Saturday, November 21, 2009

Fish story

Scientists have found evidence that the Asian carp is now above the electric barrier on the Sanitary and Ship Canal and within a few miles of the Great Lakes. There's just one lock in their way on the Calumet River, which connects to the Mississippi River watershed through a web of other waterways.

Until Friday, it was thought that the carp were in the Des Plaines River, which runs side-by-side with the canal that ultimately leads to Lake Michigan. To reach the Great Lakes, it would have taken a flood or a fish flopping three miles down Devon Ave. to the North Branch of the Chicago River. Now, it's known that the carp hopped the electric barrier on the canal. Life finds a way.

Thursday, November 19, 2009

Flipping out

Flip City in Shelby, Mich., is by far the best disc golf course I've ever played. Located on the edge of Manistee National Forest about 40 miles north of Muskegon, Flip City was created by disc golfers for disc golfers--it's a players course. The fairways are wide (see above), perhaps half of the 24 holes are from elevated tees and the course is very well marked. Flip City is located on private property, an old farm dotted with hills and trees. It was founded in 1980. We played with a friendly regular there who helped advise on shot choices and works with the course founder and property owner. It's quite an out-of-the-way place, but if ever in the area again I will be headed to Flip City.

Tuesday, November 17, 2009

Small pond

This is a view of a little pothole lake along the North Country Trail, somewhere during Day 1 of the trip to the Manistee.

Sunday, November 15, 2009

Forest approach

Today was another great day for a hike, although a bit cooler than yesterday. The temperature was about 36 when we set out from the swampy campsite. We donned blaze orange and did in fact see several hunters. Most had driven in close to their treestands and blinds. We were in a national forest--not a wilderness--so there were many roads into the area. In an article in the Detroit Free Press yesterday, a Frenchman who happened to be hunting in Michigan said: "It's very different here. You don't walk much." True, but staying near your car also makes it easier to haul the deer out.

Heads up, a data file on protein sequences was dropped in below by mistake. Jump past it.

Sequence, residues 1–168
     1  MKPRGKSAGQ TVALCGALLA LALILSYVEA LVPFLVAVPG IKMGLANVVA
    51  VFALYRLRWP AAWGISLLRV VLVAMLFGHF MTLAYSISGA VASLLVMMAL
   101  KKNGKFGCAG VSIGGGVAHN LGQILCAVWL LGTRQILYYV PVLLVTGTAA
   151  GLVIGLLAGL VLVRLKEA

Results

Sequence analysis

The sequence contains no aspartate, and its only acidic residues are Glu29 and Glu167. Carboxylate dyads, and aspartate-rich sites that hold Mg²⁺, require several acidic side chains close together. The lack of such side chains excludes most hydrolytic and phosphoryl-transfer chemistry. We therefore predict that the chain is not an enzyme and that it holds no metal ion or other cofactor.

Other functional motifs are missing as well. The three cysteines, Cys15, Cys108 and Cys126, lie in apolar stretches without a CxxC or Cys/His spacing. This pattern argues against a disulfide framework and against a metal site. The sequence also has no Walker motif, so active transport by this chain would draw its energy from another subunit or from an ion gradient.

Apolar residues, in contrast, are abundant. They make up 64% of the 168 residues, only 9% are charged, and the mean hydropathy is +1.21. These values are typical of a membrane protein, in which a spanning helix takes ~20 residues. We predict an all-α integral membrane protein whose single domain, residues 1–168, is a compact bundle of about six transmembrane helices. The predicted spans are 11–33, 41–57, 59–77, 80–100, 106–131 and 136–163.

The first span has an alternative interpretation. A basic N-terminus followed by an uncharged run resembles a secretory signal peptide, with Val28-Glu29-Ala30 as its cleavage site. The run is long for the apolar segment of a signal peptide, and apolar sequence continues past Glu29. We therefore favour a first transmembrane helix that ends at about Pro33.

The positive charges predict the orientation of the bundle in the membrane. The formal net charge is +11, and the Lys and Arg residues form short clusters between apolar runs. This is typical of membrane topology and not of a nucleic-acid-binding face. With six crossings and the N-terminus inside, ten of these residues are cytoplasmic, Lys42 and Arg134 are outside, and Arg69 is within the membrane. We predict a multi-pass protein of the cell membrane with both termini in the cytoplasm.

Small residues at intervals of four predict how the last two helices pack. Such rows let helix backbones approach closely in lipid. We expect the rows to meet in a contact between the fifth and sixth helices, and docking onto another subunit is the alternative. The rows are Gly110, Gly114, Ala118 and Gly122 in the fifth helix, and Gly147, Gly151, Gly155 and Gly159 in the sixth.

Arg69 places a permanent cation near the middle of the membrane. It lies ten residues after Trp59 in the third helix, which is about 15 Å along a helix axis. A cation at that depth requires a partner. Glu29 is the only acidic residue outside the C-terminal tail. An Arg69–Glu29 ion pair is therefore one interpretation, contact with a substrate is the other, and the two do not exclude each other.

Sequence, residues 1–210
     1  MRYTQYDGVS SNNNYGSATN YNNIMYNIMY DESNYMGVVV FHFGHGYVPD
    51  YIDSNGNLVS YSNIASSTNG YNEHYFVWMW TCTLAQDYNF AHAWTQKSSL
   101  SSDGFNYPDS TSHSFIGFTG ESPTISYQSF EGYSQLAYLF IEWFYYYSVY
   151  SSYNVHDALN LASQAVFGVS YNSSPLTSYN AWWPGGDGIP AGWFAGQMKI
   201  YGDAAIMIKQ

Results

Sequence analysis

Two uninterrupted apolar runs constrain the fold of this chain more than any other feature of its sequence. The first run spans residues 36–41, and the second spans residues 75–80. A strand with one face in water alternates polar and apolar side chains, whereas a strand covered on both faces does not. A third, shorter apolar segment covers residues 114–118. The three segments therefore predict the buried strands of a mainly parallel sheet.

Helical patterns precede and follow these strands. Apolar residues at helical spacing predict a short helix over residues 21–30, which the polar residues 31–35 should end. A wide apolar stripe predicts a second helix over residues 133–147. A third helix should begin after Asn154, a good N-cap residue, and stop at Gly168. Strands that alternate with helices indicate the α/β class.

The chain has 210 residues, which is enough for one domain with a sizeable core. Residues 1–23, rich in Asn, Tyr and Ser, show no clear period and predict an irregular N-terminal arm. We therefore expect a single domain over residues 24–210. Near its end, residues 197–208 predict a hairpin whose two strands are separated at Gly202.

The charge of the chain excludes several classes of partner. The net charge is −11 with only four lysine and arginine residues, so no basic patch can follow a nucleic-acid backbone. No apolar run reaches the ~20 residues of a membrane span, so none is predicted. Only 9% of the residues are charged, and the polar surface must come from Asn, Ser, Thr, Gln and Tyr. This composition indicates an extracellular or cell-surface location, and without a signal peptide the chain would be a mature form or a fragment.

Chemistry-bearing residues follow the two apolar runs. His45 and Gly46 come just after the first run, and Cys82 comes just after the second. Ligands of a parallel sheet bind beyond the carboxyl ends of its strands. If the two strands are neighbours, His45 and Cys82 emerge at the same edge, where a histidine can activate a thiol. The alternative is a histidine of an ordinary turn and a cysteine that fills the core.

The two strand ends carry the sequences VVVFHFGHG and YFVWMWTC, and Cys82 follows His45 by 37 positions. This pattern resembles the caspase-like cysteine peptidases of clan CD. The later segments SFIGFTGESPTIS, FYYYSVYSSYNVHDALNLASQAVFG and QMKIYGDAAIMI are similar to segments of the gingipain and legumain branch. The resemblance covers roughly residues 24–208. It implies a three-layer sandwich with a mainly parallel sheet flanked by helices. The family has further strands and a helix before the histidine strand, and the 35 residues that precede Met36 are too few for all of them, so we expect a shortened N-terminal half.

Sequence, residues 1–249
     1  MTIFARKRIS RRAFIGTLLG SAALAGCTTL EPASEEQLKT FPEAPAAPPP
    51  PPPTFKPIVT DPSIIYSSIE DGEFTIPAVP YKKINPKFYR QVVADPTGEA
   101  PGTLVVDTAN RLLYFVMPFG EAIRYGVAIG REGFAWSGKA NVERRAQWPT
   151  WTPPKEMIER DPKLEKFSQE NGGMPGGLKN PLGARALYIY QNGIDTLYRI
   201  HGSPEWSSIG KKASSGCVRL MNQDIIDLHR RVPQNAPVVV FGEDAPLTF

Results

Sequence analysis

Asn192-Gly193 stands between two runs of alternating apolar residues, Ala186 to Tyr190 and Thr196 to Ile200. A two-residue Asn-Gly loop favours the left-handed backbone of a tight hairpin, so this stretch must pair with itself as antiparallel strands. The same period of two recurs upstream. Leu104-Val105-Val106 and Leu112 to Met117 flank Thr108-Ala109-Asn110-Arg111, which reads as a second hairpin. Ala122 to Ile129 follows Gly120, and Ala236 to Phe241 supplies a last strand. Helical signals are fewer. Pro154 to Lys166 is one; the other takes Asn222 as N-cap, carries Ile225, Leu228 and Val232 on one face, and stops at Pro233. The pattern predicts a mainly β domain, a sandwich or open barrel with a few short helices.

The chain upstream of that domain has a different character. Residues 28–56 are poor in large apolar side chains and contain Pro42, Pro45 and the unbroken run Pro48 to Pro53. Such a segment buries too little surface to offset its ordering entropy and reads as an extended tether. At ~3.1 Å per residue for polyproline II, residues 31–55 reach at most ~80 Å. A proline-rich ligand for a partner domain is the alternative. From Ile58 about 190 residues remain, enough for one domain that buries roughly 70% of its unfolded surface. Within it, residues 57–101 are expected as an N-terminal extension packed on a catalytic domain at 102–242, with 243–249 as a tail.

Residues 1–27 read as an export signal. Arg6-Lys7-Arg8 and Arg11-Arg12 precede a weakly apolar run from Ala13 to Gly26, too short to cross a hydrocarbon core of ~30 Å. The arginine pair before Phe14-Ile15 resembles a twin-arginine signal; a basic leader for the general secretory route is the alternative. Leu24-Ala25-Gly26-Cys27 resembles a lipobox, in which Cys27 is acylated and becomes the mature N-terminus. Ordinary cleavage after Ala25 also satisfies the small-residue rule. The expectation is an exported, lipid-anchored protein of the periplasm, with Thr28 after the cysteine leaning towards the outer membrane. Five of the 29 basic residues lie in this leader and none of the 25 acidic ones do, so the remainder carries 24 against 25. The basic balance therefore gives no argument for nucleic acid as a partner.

We did see two deer and also a flock of trumpeter swans, high high above us. We also saw a small black creature that may have been a mink or something like it. It was a bit longer of a hike than Saturday and we ended up doing about 12 miles total.

More to come soon including photos and a report from the epic disc golf course, Flip City.

Saturday, November 14, 2009

Swamp things

Right now, we're in a swamp. We're surrounded on three sides by standing water in a makeshift campsite. There also are a few cedars and birches with lots of oaks. It's cloudy at the moment after a beautiful sunny warm November day.

Today's adventure began at the Nichols Lake trailhead in the Manistee National Forest, near Big Rapids, Mich. The hike skirted several small, secluded lakes amid rolling topography. The lakes may be glacial potholes, and there were several other small ponds and marshes among the hills.

We have about four more miles to go tomorrow. We'll be walking out as 750,000 Michiganders take to the woods for the opening of firearm deer season.

Tuesday, November 10, 2009

Ore loads

Some interesting news items coming across the driftless area wire this evening.

I was 21 days old when the Edmund Fitzgerald disappeared in Lake Superior on Nov. 10, 1975. My hometown newspaper at the time placed a six-column headline across the top of Page 1.

A St. Ignace, Mich., man walked across the Upper Peninsula, hunting and gathering his way for 517 miles. Incredible!

And Nau is back with a popup store in New York.

Saturday, November 7, 2009

Good ship

A memorial service is scheduled for River Rouge, Mich., on Tuesday for the 34th anniversary of the sinking of the Edmund Fitzgerald. Many of the 29 men who died were Midwesterners, lots from Indiana and Ohio in fact. The storm on Lake Superior--a gale of November--that took the freighter was as strong as a Category 1 hurricane. So pour some brandy and raise a glass on Tuesday for the legend that lives on from the Chippewa on down.